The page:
Monday, January 9, 2012

Teen Hair Conditioning With Exercise

Hair loss is something your teen may associate with old age, but certain conditions or lifestyle habits may cause a teenager to lose her hair. KidsHealth notes that most instances of teen hair loss are temporary, but it may cause your teen angst because many children in this age group are concerned with how they look. If your teen does not exercise, you may wonder if that can contribute to his hair loss. It is unlikely that a lack of exercise will cause hair loss. If your teen is losing her hair, make an appointment with the doctor. The doctor can run certain tests to determine the cause so an appropriate treatment may be determined.
The majority of people lose between 50 and 100 hairs each day, and this is a normal part of the hair growth cycle. A new hair grows back in the follicle where these hairs fall out. If your teen is losing more than this, it is a signal that something may be affecting his health, and he should see his doctor. Certain types of hair loss are temporary, and often occur in response to an illness or trauma. Hair loss may also be permanent, but this is more likely due to aging and does not typically affect teens.
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Your teen should aim to exercise for about 60 minutes each day. Exercise is crucial for heart and bone health, helps your teen maintain a healthy weight and sleep well at night. A lack of exercise may put your teen at an increased risk for obesity, type 2 diabetes and heart disease, but it does not usually contribute to hair loss. Regular physical activity may help your teen improve his self-image and build confidence, but it does not usually have any influence on whether he loses his hair.
Your teen is not losing her hair because she does not exercise. Poor nutrition is one cause of hair loss among teens. If your teen makes unhealthy food choices, she may begin to lose her hair because her body is lacking the nutrients it needs for hair that grows and falls out in a normal pattern. If your teen wears her hair in the same hairstyle everyday, such as braids or a ponytail, it may cause bald patches in certain areas of her scalp. Hair treatments, such as highlights or perms, may also cause hair loss if used too often. A hormonal imbalance, uncontrolled diabetes, certain medications and surgery may also cause hair loss in teens. Alopecia areata is an autoimmune disorder that damages hair follicles and Trichotillomania is a psychological condition that causes the patient to pull her own hair out. Your teen's doctor can determine if she is suffering from either of these illnesses.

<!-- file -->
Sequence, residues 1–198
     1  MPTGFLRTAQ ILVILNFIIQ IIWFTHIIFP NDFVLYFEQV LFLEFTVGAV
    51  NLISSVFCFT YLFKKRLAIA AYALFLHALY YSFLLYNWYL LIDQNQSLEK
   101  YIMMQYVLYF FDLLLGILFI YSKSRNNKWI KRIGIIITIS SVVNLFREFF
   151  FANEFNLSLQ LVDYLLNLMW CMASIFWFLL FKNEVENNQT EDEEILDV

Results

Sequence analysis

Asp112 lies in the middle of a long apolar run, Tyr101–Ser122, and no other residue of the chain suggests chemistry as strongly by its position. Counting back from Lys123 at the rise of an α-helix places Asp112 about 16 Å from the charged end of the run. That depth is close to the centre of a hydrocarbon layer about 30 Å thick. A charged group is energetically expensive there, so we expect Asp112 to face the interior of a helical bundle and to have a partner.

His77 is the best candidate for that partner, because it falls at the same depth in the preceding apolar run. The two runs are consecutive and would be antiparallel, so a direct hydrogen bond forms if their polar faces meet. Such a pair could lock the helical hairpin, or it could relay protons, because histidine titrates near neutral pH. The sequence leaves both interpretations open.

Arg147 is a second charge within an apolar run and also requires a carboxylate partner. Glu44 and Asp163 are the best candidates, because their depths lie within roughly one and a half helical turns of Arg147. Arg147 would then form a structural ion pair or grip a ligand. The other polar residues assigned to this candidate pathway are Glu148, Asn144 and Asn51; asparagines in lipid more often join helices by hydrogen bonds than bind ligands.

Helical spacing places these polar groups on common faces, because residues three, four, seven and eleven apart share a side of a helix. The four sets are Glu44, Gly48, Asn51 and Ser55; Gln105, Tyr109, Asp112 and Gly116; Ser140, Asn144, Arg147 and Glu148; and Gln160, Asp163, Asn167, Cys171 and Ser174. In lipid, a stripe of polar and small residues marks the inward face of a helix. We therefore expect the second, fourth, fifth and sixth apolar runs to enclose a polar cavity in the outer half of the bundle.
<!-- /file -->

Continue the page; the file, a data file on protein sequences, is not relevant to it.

Treatment for a teen's hair loss depends on what is the underlying cause. Certain hairstyles, surgery and poor nutrition are considered to be temporary causes of hair loss. Encourage your teen to wear his hair a different way, and to eat plenty of whole grains, fruits, vegetables, low-fat dairy foods and lean meat to protect the health of follicles and hair. Following a traumatic event, such as surgery, your teen's hair will usually grow back on its own and does not require treatment. Diseases that cause hair loss are treated, which may encourage normal hair growth and loss. Encourage your teen to exercise everyday because it will reap important health benefits even if it does not treat hair loss.

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